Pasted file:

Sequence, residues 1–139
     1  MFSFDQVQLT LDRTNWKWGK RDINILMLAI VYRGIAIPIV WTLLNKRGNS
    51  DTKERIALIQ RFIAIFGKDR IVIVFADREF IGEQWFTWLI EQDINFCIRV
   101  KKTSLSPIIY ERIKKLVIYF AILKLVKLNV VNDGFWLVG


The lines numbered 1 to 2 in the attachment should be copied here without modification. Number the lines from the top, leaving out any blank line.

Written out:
Sequence, residues 1–139
     1  MFSFDQVQLT LDRTNWKWGK RDINILMLAI VYRGIAIPIV WTLLNKRGNS